Feast of the Immaculate Conception

The feast of the Immaculate Conception is near and dear to my heart. I didn’t always understand this Catholic feast. For most of my life I thought that it referred to Jesus’ conception. He was the Son of God, right? So doesn’t it make sense that his miraculous conception – what with Mary’s virginity and the message of the angel – be immaculate? I thought so, and so have others.

Jesus’ conception, though stunning in its own right, does not receive the title “immaculate.” His conception is referred to as the Virginal Conception, but we regularly refer to the whole event as the Annunciation (Luke 1:26-38)

The Immaculate Conception actually refers to Mary’s conception. God gave her the “unique grace and privilege” of being “preserved free from all stain of original sin” (from Pope Pius IX in God Ineffable on December 8, 1854). Responding to the continuing grace of God, Mary was sinless throughout her lifetime. And so Mary is “immaculate” which was only proper for the woman who would carry the Son of God in her womb.

As an Immaculate Heart of Mary sister, I am humbled to have Mary as my religious namesake. Like others, I struggle in my life and my relationship with God, and I am anything but immaculate. But I have come to realize that Mary is truly our sister for though she is immaculate, she is human like us. She gives me a glimpse of how to say “yes” to God in all the big and little events in my life. Mary shows me that it is possible to meet the daily challenges of life with patience, grace, humility, and love.

On this Feast of the Immaculate Conception, I pray that you and I continue to aspire to be “full of grace” knowing that Mary is by our side.

In what ways do you experience Mary in everyday life?

Sister Julie Vieira is an Immaculate Heart of Mary sister. On this feast day, she will participate in the venerable IHM tradition of renewing her religious vows. Sister Julie blogs regularly at A Nun’s Life (http://anunslife.org)
Image from: http://en.wikipedia.org/wiki/Image:Francisco_de_Zurbarán_018.jpg


3 Responses

  1. She has been present in my entire life. I believe when I was a young girl and severel times since , she has actually saved my life. All I can say is , during a violent act directed towards me I saw a small , thin hand pressing on my stomach and the potential violent person left without doing me harm. I am very thankful for Her for that.

  2. As a young woman Catholic I admit that I find this solemnity a bit perplexing. I’ll just start by saying that I have great respect and reverence for Mary, a woman, a mother , and most significantly as God-bearer. But I find it challenging that we find it neccessary to be SO concerned that she be “free from the stain of sin”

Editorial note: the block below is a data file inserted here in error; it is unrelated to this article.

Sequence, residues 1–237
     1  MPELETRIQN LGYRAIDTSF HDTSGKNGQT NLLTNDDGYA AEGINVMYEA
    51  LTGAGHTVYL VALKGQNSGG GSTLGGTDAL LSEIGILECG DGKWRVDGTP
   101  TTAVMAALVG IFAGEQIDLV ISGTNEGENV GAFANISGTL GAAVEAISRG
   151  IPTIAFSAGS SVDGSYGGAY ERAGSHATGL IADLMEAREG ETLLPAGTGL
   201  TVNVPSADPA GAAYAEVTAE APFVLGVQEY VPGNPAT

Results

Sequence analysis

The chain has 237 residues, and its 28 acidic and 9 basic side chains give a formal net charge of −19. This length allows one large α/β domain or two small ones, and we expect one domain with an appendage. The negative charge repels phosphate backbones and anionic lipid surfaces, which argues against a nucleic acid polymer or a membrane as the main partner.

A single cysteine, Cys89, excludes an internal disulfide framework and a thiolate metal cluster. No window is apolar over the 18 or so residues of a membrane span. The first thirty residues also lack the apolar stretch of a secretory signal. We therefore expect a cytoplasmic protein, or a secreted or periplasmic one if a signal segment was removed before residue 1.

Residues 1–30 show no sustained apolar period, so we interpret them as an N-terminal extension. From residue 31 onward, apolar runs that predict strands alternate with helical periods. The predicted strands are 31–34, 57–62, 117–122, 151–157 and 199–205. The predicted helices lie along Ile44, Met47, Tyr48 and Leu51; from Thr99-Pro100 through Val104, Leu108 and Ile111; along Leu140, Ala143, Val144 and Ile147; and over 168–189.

I feel like it’s somehow connected to the idea that a woman’s sexuality is somehow sinful, an idea that I find offensive. And I wonder about what it says about us that we feel Mary had to be so special and so different from her own conception… does that mean I am not called to be a God-bearer in my own way?
    I read a reflection yesterday which reminded me of why Mary’s role is so important to me and to us as a church- not because of what she’s NOT but because of what, and who, she IS

  3. Sharon … Thank you for sharing your story. What a powerful experience of the presence of Mary!

    Sarah … You have hit on a question and issue that the Church has struggled with for eons and continues to do so to this day. Even Jesus was confronted with how others perceived women’s “nature”. And you are right, women’s sexuality — indeed, women themselves — have often been thought of as sinful, as less than whole, as somehow misformed. We must continually reject these kinds of attitudes and behaviors. They are not of God.

    In terms of the doctrine on the Immaculate Conception … like many of the Church’s teachings on Mary, they are less a statement about Mary than they are about Jesus the Christ. For example, the Rosary is a meditation not on Mary but on the life of Christ. So while this teaching of Mary’s Immaculate Conception does of course say something about Mary, it’s main intention is to affirm Jesus’ nature of being without sin by demonstrating that even the womb that cared him, the flesh and blood of mother that nurtured him was without sin.

    As we meditate on the meaning of this feast for our own lives, it can definitely be tricky because of the underlying tensions about women, women’s sexuality, our role in the Church, etc. When I think about this feast day, I am reminded of what my IHM Sister wrote about this day … that this feast renews my commitment to the meaning and message of Mary’s liberating song on behalf of the poor and oppressed which in turn fuels a dynamic integration of prayer and commitment in me.

    I encourage you to read a book by theologian Sister Elizabeth Johnson, CSJ. She has done some remarkable work on Mary, looking at her for who she is. Check out “Truly Our Sister: A Theology of Mary in the Communion of Saints”.

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